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ERIC Number: ED542645
Record Type: Non-Journal
Publication Date: 2010
Pages: 151
Abstractor: ERIC
Reference Count: 8
Life Journey through Autism: A Guide for Military Families
Alexander, Katie C.; Clemens, Erin M.; Gilbert, Marilyn; McBreen, Joseph
Organization for Autism Research (NJ1)
Autism presents parents and families with many challenges under normal circumstances. Autism in a military family magnifies many of those challenges and adds a few more that are unique to the demands of military life and service, further complicating an already complex neurobiological disorder. Military sources indicate that more than 13,000 military dependents, the majority of them children, have some form of autism. Their families face all the emotions and challenges that accompany having a child diagnosed with autism, compounded by the realities of military service: war, extended family separation, frequent moves, varying access to specialized healthcare, and other stressors that complicate and often work against effective treatment for children with autism. These families need help navigating these uncharted and difficult waters. This Guide and its companion Web site are designed for these families. The purpose of these resources is to give each family the tools and access to information that it needs on its unique life journey through autism. More specifically, the goals of this Guide are to provide: (1) An understanding of autism and related intervention and treatment; (2) Strategies for addressing the challenges of autism from the time of diagnosis through adulthood; (3) An overview of the Department of Defense (DoD) and service policies related to having a child with autism; (4) Information on autism treatment options and coverage within the military healthcare system; (5) Practical information and tools to guide your child's education; (6) Tips and advice relative to transitions such as permanent change of station (PCS) moves, new schools and more; and (7) Links to additional resources relative to autism and military families. Appended are: (1) If You Suspect Your Child Has Autism; (2) New to Autism?; (3) Become an Informed Consumer of Information; (4) Keeping It All Organized; (5) Finding Other (Non-Military) Providers; (6) Caring for Siblings of Children with Autism; (7) Establishing Support for Yourself; (8) Finding a Sitter for Your Child with Autism; (9) Where to Start on Base; (10) Communicating with Commanders; (11) Developing Objective and Measurable IEP Goals for Learners with ASD and Preparing for IEP Meetings; (12) Communicating with Teachers; (13) Daily/Weekly Journal for Teach Communication; and (14) Tips for Permanent Change of Station (PCS) Moves. A glossary is included. (Contains 1 footnote and 23 resources.) [Contributors include Scott Campbell, Karen Driscoll, Christine Erdie-Lalena, Matthew Fitzgerald, Joshua Feder, Isabel Hodge, Becky Hunter, and James Phelan. This paper was co-created with the Southwest Autism Research & Resource Center.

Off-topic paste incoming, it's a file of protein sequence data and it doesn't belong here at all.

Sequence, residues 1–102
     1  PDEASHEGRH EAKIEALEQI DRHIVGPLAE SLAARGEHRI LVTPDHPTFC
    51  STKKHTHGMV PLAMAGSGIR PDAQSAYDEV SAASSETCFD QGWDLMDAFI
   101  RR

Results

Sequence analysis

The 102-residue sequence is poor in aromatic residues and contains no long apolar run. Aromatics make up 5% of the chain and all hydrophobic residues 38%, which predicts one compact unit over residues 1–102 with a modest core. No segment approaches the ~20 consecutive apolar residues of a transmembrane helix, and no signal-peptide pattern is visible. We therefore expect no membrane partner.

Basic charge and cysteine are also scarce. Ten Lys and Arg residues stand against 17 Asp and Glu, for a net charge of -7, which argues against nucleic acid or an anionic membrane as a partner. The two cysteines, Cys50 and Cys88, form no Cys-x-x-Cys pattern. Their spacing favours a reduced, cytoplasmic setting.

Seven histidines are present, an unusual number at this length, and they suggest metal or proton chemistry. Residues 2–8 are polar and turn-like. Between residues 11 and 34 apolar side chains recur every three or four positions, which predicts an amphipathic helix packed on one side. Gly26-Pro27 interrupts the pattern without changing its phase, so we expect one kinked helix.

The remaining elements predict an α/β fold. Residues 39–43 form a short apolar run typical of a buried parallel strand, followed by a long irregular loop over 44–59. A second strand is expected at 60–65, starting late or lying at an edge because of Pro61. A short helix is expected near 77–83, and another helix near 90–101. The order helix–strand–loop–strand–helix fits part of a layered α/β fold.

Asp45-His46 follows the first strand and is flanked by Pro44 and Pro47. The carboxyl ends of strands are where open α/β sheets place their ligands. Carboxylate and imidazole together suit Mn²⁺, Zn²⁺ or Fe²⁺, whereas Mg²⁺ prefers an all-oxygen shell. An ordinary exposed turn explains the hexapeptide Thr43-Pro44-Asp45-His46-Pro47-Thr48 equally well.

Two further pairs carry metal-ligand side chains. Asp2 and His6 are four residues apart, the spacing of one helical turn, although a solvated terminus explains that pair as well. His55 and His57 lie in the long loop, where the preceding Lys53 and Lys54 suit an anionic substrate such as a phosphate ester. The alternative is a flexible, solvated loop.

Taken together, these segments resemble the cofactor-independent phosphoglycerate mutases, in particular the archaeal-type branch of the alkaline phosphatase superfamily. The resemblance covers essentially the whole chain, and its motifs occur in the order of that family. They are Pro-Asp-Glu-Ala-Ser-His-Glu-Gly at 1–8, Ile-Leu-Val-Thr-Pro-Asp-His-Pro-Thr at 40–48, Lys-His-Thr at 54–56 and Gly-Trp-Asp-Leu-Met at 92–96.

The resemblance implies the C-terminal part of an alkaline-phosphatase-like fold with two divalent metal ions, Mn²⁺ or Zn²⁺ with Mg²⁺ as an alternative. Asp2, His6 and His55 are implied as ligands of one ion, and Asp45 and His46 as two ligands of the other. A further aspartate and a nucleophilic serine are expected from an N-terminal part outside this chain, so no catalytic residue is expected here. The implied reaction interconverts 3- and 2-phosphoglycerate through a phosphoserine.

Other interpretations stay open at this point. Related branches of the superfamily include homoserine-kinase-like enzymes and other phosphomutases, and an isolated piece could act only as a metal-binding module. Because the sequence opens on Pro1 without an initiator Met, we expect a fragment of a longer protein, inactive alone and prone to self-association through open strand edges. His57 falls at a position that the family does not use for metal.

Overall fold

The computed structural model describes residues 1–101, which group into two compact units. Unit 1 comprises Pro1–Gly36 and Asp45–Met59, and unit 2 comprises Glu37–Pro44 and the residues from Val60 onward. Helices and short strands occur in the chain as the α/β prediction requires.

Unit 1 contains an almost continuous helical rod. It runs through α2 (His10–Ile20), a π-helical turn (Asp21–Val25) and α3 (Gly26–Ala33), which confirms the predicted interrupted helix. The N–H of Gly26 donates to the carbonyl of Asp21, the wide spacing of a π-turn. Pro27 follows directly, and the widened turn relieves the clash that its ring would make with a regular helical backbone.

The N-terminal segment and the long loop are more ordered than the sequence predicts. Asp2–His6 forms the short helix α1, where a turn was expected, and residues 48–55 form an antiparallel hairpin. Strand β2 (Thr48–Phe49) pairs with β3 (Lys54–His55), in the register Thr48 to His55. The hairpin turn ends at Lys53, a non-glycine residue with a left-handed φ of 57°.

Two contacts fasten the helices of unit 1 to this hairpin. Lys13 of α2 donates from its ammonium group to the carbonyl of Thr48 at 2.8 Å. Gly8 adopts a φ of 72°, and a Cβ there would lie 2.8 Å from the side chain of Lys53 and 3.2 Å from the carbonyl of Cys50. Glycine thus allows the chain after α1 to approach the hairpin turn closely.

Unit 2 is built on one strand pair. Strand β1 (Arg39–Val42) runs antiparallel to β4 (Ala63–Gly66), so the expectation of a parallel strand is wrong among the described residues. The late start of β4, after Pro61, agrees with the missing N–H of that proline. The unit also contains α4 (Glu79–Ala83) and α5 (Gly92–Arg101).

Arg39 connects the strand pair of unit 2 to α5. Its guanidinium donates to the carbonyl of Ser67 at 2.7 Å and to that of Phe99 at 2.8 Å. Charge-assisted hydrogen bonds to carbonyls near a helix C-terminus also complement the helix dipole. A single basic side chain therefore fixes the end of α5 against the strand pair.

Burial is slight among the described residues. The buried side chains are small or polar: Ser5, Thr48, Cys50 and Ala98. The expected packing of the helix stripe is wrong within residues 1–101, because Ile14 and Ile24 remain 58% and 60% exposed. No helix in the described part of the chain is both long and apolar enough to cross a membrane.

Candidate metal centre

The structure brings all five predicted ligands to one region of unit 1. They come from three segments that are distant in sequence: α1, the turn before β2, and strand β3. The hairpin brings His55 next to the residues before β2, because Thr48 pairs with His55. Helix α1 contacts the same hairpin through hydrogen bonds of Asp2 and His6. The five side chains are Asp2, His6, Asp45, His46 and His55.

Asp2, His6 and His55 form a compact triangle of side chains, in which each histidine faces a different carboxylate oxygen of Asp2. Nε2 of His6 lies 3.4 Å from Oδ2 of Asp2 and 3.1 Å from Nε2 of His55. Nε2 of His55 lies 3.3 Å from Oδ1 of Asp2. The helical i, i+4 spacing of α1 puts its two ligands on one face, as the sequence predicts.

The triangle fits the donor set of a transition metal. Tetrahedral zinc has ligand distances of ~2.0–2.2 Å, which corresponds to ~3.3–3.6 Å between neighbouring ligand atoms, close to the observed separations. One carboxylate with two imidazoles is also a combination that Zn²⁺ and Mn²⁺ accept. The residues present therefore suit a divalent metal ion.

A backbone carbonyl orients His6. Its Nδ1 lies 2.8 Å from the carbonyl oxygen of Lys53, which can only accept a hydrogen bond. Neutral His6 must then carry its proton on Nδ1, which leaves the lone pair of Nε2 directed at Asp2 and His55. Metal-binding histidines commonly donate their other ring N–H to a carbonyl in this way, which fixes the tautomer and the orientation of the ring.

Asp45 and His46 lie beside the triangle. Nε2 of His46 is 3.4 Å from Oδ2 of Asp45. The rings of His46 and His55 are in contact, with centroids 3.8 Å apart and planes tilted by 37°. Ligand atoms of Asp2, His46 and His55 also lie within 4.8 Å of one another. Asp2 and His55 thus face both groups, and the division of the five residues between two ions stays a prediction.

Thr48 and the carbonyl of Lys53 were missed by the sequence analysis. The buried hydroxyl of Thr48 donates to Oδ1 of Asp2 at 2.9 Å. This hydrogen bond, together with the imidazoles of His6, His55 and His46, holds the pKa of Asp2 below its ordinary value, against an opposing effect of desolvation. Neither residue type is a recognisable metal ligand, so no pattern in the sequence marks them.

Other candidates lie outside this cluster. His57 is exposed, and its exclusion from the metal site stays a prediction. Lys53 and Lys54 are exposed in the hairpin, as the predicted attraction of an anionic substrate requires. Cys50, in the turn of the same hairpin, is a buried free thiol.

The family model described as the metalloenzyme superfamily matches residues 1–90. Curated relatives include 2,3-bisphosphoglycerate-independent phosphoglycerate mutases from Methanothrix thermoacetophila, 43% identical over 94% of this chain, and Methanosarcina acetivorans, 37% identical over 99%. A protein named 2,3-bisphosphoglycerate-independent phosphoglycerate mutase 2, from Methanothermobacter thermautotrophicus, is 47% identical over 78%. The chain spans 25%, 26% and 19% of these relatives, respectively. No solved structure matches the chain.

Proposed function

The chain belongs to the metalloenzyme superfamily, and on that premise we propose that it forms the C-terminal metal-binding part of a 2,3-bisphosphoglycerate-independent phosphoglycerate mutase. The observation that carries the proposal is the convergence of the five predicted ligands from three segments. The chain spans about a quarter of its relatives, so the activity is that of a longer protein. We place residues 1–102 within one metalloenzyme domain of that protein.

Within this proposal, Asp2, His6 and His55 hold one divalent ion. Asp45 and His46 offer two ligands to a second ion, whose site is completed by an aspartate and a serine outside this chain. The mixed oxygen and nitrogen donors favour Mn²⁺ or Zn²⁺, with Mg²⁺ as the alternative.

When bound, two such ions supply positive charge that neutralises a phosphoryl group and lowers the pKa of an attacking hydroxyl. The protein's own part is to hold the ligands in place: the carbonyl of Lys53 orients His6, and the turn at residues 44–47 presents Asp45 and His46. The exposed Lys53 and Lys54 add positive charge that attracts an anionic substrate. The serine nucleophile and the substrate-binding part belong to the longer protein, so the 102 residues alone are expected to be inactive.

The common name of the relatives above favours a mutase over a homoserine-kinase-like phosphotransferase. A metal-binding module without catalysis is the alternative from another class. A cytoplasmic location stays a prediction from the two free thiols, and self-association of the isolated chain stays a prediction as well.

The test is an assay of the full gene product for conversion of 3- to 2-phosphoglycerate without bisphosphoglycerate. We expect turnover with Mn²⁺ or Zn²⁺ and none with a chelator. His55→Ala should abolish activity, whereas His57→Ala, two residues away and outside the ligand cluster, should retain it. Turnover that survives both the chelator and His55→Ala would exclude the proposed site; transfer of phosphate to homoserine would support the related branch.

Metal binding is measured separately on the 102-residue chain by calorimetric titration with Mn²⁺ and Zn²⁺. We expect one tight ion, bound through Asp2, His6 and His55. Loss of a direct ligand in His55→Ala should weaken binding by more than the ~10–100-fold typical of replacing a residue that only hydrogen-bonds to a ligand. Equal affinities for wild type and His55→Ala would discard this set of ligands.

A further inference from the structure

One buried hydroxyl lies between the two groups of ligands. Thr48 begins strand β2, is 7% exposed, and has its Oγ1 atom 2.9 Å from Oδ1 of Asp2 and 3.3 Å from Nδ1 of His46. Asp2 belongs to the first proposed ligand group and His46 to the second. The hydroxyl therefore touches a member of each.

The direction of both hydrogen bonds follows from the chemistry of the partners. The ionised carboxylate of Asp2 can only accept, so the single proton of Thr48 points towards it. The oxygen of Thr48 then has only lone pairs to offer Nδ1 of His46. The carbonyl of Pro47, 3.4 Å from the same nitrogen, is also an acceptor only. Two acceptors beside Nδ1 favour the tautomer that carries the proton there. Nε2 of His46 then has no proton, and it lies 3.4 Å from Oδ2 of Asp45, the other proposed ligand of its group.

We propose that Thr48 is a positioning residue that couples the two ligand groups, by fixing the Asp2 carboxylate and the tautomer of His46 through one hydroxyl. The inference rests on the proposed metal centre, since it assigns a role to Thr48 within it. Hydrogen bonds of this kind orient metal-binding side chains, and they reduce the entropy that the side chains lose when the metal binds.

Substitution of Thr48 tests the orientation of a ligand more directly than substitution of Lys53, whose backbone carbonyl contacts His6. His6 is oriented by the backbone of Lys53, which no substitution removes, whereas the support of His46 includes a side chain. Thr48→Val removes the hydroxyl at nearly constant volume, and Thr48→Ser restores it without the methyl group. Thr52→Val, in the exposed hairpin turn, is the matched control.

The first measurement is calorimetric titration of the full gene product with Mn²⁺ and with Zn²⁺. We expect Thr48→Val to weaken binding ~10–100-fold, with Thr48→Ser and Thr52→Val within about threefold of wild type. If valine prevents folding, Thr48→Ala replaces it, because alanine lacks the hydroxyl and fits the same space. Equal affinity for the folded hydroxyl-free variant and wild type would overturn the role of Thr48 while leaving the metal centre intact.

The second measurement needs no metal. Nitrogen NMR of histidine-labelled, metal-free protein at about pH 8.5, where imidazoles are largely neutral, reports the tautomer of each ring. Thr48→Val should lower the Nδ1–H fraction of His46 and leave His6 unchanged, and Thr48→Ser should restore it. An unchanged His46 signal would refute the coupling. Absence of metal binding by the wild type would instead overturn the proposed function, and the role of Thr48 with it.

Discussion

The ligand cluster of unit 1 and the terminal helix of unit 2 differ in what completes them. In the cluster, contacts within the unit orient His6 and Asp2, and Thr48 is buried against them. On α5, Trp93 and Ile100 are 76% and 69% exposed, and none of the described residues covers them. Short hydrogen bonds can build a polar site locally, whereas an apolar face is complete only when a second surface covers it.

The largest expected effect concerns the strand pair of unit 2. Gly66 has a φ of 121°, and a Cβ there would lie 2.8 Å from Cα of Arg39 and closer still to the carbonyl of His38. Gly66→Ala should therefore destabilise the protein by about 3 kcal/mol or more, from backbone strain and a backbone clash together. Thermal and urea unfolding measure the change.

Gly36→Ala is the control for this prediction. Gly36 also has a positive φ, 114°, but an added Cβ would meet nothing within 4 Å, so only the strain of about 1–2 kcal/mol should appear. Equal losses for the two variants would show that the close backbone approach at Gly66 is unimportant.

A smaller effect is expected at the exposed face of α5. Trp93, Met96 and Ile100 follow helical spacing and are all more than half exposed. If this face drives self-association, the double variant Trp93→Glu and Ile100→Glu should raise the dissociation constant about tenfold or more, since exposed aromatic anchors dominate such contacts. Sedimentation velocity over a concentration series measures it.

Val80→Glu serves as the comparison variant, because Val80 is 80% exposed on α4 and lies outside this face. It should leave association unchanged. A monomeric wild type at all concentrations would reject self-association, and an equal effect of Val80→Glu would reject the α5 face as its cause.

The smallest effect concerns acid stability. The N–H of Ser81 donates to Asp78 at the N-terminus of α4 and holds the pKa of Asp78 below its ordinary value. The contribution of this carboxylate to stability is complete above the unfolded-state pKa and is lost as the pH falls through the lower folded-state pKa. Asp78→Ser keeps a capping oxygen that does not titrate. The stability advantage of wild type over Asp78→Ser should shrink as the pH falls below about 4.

Organization for Autism Research. 2000 North 14th Street Suite 710, Arlington, VA 22201. Tel: 866-366-9710; Tel: 703-243-9710; Fax: 703-243-9751; e-mail:; Web site:
Publication Type: Guides - Non-Classroom; Tests/Questionnaires
Education Level: N/A
Audience: N/A
Language: English
Sponsor: American Legion Child Welfare Foundation
Authoring Institution: Organization for Autism Research